Articles Posted in Indiana Supreme Court

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After K.W., a minor child, was removed from the care of Mother and Father, the Department of Child Services (DCS) sought to terminate the parental rights of Mother and Father. On the day of the termination hearing, Mother’s attorney sought a continuance based on Mother’s incarceration in a local jail. The trial court denied the motion and held a termination of parental rights (TPR) hearing in Mother’s absence. The court then issued an order terminating the parental rights of Mother and Father with respect to K.W. The Supreme Court vacated the portion of the trial court’s order terminating Mother’s parental rights, holding that the trial court, under the facts of this case, abused its discretion by denying Mother’s motion to continue the TPR hearing and by proceeding without her participation. View "In re Involuntary Termination of the Parent-Child Relationship of K.W. and C.C." on Justia Law

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The County Department of Child Services filed a petition to involuntarily terminate the parental rights of Mother to her four children. The case was tried to a judge who resigned before reporting recommended findings and conclusions to Judge Marilyn Moores. The case was transferred to Magistrate Larry Bradley, who reviewed the hearing record and reported recommended findings and conclusions without holding a new evidentiary hearing. Judge Moores approved the findings and conclusions and terminated Mother’s parental rights. The Supreme Court reversed the trial court’s judgment, holding that, in accord with In re I.P., also decided today, the procedure used in this case violated Mother’s due process rights. Remanded. View "In re Involuntary Termination of Parent-Child Relationship of S.B." on Justia Law

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The County Department of Child Services filed a petition to involuntarily terminate the parental rights of Father to his child. At the conclusion of the termination hearing, the magistrate that presided over the hearing resigned her position before reporting recommended factual findings and conclusions to Judge Marilyn Moores. The case was subsequently transferred to Magistrate Larry Bradley, who reviewed the hearing record and reported recommended findings and conclusions without holding a new evidentiary hearing. Judge Moores approved the findings and conclusions and terminated Father’s parental rights. The court of appeals affirmed. The Supreme Court reversed, holding that where a case is tried to a judge who resigns before determining the issues, a successor judge cannot decide the issues or enter findings without a trial de novo. Remanded. View "In re Involuntary Termination of Parent-Child Relationship of I.P." on Justia Law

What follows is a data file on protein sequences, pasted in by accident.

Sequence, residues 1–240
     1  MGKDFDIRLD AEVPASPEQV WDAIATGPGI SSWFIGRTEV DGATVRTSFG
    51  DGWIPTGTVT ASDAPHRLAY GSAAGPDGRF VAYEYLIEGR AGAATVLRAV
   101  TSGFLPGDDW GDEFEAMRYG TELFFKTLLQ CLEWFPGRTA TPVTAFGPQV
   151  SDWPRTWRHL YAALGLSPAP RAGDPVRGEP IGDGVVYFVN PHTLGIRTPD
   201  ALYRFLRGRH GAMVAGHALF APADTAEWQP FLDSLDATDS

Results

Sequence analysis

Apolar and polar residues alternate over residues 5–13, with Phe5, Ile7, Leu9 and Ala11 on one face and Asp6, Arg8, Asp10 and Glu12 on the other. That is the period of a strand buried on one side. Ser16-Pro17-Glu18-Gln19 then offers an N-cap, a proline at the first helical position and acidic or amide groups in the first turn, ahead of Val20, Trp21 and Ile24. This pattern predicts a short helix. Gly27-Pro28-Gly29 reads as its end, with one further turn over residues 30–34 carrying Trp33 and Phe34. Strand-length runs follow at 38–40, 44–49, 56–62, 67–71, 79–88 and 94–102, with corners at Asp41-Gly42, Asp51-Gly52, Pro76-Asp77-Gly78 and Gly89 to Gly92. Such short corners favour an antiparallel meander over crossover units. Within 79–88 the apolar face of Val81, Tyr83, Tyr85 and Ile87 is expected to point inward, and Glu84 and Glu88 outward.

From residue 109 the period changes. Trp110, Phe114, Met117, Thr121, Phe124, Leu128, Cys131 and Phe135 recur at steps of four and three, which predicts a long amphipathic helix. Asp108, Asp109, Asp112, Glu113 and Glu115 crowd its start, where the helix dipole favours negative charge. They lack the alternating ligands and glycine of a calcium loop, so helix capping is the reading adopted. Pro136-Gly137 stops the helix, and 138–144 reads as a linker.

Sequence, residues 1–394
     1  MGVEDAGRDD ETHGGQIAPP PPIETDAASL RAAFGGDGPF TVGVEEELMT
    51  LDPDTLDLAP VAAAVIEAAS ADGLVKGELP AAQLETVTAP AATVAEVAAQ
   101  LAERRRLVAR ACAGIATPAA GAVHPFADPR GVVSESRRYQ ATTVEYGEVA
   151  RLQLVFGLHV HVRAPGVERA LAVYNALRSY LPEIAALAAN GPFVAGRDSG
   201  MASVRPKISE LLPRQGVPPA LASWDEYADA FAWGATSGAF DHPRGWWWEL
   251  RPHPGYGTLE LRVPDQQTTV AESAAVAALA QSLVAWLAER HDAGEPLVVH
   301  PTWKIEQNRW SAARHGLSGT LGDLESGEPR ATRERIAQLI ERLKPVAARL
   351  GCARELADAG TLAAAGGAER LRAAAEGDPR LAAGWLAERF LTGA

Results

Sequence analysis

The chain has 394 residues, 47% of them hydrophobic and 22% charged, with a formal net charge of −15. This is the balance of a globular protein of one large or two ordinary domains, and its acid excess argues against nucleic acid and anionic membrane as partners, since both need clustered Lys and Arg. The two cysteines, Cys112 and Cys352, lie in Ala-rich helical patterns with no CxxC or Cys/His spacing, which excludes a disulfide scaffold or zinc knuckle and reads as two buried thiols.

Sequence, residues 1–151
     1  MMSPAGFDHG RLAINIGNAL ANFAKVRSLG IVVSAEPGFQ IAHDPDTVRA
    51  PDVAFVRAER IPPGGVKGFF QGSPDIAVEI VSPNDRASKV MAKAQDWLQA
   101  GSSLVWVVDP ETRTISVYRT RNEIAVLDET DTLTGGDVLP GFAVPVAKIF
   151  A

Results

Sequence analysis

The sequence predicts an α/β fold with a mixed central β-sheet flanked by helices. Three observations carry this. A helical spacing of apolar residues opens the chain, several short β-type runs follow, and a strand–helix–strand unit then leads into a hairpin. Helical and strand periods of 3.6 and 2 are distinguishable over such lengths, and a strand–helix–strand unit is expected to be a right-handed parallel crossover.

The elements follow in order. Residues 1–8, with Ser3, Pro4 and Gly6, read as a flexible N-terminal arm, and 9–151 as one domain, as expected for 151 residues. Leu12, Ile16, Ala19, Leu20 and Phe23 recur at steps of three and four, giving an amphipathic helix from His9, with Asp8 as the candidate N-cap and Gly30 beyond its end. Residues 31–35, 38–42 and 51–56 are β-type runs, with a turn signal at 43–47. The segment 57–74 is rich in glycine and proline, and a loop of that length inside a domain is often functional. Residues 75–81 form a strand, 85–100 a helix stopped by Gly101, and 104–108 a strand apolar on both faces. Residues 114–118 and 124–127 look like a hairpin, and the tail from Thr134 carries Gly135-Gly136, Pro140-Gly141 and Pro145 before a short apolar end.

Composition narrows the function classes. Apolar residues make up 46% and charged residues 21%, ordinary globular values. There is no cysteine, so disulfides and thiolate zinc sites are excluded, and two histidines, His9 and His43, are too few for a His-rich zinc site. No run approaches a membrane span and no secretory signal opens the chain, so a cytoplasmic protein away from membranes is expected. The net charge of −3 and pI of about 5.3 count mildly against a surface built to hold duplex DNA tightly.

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In 2010, the Department of Child Services (DCS) filed a petition alleging that G.P. was a child in need of services (CHINS) because Mother had a history of drug abuse. At an initial hearing before the CHINS court, Mother waived her right to counsel. G.P. was found to be a CHINS. At a subsequent CHINS review hearing, Mother requested counsel. The trial court concluded that Mother was entitled to representation but did not then actually appoint counsel for Mother. After additional CHINS hearings, at which Mother remained unrepresented, DCS filed an action to terminate the parental rights (TPR) of Mother with respect to G.P. The trial court appointed counsel to represent Mother during the TPR process at Mother’s request. Mother’s parental rights were subsequently terminated, and G.P. was adopted by his paternal grandparents. The Supreme Court vacated the trial court judgment terminating Mother’s parental rights because Mother was denied her statutory right to counsel during the course of the CHINS proceedings, and those proceedings directly influenced the TPR process. View "J.A. v. Ind. Dep't of Child Servs. & Child Advocates, Inc." on Justia Law

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Father had two children with Mother. From 2001 onward, Father was required to pay child support. Father was also incarcerated for the majority of those years. In 2011, Mother married her boyfriend, E.J., and Mother and E.J. petitioned for E.J. to adopt the children. The trial court granted the petitions. Father subsequently filed a letter that the trial court treated as a notice of appeal. The court of appeals dismissed the appeal. The Supreme Court granted transfer and affirmed the order of adoption, holding that sufficient evidence in the record supported the trial court’s decision. View "In re Adoption of T.L." on Justia Law